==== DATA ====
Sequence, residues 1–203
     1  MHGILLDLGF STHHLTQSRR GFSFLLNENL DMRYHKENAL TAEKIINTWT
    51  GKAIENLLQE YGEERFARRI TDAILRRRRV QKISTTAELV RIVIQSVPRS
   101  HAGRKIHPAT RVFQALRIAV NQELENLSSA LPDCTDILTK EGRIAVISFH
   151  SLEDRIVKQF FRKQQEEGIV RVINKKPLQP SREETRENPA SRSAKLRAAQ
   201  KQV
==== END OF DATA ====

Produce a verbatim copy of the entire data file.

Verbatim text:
Sequence, residues 1–203
     1  MHGILLDLGF STHHLTQSRR GFSFLLNENL DMRYHKENAL TAEKIINTWT
    51  GKAIENLLQE YGEERFARRI TDAILRRRRV QKISTTAELV RIVIQSVPRS
   101  HAGRKIHPAT RVFQALRIAV NQELENLSSA LPDCTDILTK EGRIAVISFH
   151  SLEDRIVKQF FRKQQEEGIV RVINKKPLQP SREETRENPA SRSAKLRAAQ
   201  KQV